Life Memories:Today is National Nap Day and National Get Over It Day

Today is National Nap day. My mother informed me of this when she called me this morning.  I went to Google to check and found it is is also national meatball day, national barbie day, national crab meat day, and national get over it day.  Yes – these are days.

It’s this last day that interested me.  National Get Over It day – so I did one more search to find that is a day in which you should “let go of hurt, bitterness, and disappointments” and is purposefully half-way between Valentine’s Day and April Fools day (a holiday I detest with every fiber of my being).  There is even a website set up for the day…

It’s a good thing to remember.  Not to dwell on a past. I’ve spent months of my life pondering how an event got to X point. How a relationship turned sour. Why this or that failed. How I should have done better.  Today is the day to get over it.  Pick something and say, “I’m never going to dwell on that again.”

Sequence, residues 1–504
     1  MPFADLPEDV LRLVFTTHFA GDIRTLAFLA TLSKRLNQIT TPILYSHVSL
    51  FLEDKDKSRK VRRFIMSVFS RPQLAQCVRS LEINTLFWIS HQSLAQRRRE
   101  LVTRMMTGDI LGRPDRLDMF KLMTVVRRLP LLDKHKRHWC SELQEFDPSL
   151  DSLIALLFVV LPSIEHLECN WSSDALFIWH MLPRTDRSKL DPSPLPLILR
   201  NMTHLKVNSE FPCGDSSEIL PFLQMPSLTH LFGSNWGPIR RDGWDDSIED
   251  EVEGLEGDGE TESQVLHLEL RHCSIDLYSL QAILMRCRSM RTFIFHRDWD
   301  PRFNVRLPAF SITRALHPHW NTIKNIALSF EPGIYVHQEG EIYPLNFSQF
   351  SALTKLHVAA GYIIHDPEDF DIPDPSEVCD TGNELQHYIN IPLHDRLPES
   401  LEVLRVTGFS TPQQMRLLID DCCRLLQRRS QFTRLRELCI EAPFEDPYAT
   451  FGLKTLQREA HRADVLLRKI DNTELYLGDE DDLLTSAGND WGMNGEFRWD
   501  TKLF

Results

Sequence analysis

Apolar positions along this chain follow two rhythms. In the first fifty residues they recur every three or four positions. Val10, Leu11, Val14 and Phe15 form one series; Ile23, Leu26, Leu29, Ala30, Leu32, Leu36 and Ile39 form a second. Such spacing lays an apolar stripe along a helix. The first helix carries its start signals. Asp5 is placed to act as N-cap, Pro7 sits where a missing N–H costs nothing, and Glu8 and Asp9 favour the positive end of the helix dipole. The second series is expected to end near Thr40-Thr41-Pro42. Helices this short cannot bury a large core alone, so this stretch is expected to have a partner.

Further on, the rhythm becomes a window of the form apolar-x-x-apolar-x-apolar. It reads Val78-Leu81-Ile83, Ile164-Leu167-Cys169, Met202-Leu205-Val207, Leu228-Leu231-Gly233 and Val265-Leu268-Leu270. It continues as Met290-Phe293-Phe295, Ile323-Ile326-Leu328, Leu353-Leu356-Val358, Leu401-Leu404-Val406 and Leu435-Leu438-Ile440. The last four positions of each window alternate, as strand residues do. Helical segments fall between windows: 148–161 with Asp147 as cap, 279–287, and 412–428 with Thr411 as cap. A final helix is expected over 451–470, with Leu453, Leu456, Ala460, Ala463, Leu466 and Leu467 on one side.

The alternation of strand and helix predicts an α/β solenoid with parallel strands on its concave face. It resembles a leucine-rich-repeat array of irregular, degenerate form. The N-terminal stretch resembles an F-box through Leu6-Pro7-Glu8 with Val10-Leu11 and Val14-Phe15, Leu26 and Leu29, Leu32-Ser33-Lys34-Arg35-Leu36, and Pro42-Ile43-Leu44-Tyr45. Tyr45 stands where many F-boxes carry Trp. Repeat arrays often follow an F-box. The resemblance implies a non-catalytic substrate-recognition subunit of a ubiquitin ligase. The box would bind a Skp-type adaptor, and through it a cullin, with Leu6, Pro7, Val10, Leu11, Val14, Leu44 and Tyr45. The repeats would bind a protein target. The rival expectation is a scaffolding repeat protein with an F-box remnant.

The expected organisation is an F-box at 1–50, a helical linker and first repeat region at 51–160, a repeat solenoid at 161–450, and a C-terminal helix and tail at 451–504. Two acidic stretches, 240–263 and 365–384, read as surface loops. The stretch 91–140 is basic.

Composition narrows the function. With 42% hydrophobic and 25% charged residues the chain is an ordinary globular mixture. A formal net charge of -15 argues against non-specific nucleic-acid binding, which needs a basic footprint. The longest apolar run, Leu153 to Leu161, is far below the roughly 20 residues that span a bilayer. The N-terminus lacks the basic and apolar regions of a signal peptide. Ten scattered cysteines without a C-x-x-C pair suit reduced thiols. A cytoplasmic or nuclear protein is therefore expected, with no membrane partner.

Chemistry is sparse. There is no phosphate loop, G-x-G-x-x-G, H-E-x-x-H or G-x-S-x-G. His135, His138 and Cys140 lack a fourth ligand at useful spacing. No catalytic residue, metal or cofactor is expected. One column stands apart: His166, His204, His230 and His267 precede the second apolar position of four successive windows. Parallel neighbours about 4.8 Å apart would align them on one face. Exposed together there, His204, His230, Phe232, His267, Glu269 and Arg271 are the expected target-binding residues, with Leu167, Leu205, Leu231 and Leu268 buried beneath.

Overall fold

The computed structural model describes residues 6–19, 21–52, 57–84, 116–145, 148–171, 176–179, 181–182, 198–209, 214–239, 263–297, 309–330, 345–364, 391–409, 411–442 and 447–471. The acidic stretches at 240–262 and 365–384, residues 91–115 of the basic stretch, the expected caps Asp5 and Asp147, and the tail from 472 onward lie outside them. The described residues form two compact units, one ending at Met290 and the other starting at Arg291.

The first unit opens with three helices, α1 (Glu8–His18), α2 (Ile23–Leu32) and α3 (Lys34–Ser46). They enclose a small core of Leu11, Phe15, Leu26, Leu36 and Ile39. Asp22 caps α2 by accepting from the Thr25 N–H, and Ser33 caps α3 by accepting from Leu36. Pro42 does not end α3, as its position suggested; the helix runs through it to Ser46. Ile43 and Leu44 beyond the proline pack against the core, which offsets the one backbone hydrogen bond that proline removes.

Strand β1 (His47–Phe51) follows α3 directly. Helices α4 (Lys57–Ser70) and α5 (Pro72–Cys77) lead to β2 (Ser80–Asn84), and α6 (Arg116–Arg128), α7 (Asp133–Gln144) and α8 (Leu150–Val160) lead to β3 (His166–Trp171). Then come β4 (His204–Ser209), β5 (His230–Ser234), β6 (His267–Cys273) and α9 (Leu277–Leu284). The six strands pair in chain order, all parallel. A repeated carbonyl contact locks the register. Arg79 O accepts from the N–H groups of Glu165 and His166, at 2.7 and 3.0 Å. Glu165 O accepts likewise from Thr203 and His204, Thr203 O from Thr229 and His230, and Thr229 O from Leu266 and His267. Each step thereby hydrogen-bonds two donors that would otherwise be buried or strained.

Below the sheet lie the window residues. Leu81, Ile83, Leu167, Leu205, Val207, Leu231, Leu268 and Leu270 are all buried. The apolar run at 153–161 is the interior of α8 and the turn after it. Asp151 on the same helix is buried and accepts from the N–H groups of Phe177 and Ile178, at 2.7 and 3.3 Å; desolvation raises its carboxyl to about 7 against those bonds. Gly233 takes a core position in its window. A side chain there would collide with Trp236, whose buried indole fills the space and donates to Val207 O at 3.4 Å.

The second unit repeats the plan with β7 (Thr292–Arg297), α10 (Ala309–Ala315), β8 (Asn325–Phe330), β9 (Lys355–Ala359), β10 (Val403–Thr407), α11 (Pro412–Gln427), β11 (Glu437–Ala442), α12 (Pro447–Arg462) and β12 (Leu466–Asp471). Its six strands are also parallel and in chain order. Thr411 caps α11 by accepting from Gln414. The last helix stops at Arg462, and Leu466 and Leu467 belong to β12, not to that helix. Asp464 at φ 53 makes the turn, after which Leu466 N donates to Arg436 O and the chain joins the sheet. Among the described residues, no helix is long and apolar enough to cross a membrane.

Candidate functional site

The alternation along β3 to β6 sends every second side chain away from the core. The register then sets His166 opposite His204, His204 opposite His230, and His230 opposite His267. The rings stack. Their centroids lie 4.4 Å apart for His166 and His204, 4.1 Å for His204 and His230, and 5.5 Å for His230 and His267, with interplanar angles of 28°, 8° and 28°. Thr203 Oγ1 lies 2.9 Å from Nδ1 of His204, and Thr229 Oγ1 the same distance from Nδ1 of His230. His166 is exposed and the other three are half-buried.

There is one friendship I lost several years ago that I have grieved for ever since. Even after all these years, I don’t know that I could have done things differently.  It still hurts that I have no idea where that person is.  I cut her out of my life because she kept hurting me, but it doesn’t heal the wound of the loss of a beloved friend. What I really need is to remember the good memories prior to that last year or so of our “friendship.” I need to focus on the movies we enjoyed. Remind myself of the laughter we shared.